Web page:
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Elizabeth Line services began running on the Crossrail core route across central London on May 24, with an initial 12 trains/h linking Paddington station in the west to Abbey Wood in the southeast.
HM Queen Elizabeth II and the Earl of Wessex visited the Elizabeth Line on May 17, accompanied by TfL Commissioner Andy Byford.
The cross-city tunnel section had been formally opened by Queen Elizabeth II with a ceremony at Paddington on May 17, attended by around 500 VIPs including the Earl of Wessex, Mayor of London Sadiq Khan and the Commissioner of Transport for London Andy Byford.
May 24 also saw the interim TfL Rail services from Shenfield to Liverpool Street and Paddington to Heathrow Airport, Maidenhead and Reading rebranded as part of the Elizabeth Line, although passengers must still change between the three sections pending the start of through services later this year.
Crowds flocked to the low-level station at London Paddington to mark the start of Elizabeth Line services.
With would-be riders queueing at both Paddington and Abbey Wood to take the first trains at 06.30, Transport for London reported that more than 130 000 passengers travelled on the Elizabeth Line by 10.00 on the first morning, of whom over half had used the new cross-city core.
Envy of the world
Mayor of London Sadiq Khan visited each station along the Elizabeth Line to meet staff and passengers.
‘We are the envy of the rest of the world’, Khan said during opening celebrations at Woolwich station, enthusing over the Elizabeth Line’s ‘cathedral-like stations’ and fast air-conditioned trains. He hoped that the opening of the line would incentivise more people to get back to travelling in and out of the city centre, helping London’s post-pandemic recovery.
Asked about the final estimated cost of £18·9bn and the three year delay to opening, the Mayor emphasised that the new line was a ‘piece of national infrastructure’ which would provide a long-term incentive for businesses to invest in London. ‘The real prize is linking our financial centre to our international gateways’, which would come with the start of through running.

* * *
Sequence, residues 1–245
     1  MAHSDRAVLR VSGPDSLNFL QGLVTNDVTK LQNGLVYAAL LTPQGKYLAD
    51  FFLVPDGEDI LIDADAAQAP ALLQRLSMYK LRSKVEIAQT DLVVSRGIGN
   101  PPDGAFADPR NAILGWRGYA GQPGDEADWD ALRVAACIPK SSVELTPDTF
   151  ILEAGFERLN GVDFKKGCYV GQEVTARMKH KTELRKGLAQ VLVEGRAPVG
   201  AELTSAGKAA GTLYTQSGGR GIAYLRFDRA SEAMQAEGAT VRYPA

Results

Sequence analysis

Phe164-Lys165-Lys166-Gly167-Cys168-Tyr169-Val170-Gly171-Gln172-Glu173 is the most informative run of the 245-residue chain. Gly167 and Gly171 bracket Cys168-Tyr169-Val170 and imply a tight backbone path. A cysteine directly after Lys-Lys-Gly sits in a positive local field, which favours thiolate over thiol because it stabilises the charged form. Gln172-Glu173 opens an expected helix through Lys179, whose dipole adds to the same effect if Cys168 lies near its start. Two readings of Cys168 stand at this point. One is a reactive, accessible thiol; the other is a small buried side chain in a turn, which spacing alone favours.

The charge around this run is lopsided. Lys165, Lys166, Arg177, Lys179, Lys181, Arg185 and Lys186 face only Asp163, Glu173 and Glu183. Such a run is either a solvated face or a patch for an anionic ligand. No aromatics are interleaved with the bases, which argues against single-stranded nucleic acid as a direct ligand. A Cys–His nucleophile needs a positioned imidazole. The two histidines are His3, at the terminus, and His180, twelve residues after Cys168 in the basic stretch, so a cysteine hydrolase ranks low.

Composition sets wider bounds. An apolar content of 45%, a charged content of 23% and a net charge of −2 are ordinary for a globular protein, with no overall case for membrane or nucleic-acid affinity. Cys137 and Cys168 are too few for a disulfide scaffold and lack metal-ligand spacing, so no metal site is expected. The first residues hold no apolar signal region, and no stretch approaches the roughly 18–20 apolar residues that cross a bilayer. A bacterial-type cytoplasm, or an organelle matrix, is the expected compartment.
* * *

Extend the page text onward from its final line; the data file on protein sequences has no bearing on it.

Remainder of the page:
‘It is important to continue investing in infrastructure, not stop-start’, Khan continued. ‘This line will be here for the next 150 years.’ However, he added, ‘it is really important to recognise that investment in London should not be at the expense of the north’, as other cities around the UK also needed investment in improved rail networks.
Each nine-car Class 345 EMU has a crush load capacity of around 1 500 passengers,
Nigel Holness, Managing Director of operating concessionaire MTR Elizabeth Line, explained that 64 of the 70-strong fleet of Bombardier-built Class 345 EMUs were now required in traffic each day to work the three isolated sections. Some units are currently out of service being converted to nine-car sets from an interim seven-car formation, but this work should be completed by November.
TfL has announced that there will initially be no Sunday services through the core section, other than over the Jubilee holiday weekend on June 5. This is intended to allow more time for final testing and software updates, as well as the completion of the delayed intermediate station at Bond Street.
Rail for London Operations Director Howard Smith told Railway Gazette International that following the opening of the core, the next step for the project team would be to work towards through running, although no start date for that has yet been agreed. Elizabeth Line trains from the western termini would then begin running through to Abbey Wood via Canary Wharf and Woolwich, while Shenfield trains would be extended to Paddington.
Platform screen doors are provided at all underground stations, along with large platforms and generous walkways. Farringdon is set to become a key interchange between the east-west Elizabeth Line and the north-south Thameslink corridor.
This stage with two overlapping services would be limited to a maximum peak service of 22 trains/h pending the commissioning of the automated turnback facility at Westbourne Park, west of Paddington, Smith explained, adding that final testing of the technology is progressing well. The expectation is that six trains/h from Abbey Wood would continue to Heathrow Airport, four to Maidenhead and two to Reading.
Smith hopes that services can ramp up to a maximum of 24 trains/h through the core by May 2023, at which point the timetables would be adjusted to allow more through working between all of the end points. Running times on the Great Western Main Line would also be adjusted to reflect the performance of the Class 345 EMUs, potentially shortening some journey times.
Although proposals to develop a second Crossrail corridor linking southwest to northeast London were paused because of financial constraints, Byford confirmed that ‘the Prime Minister has asked us to dust off the plans for Crossrail 2, so I have told my team to do just that’.
This article first appeared on www.railwaygazette.com
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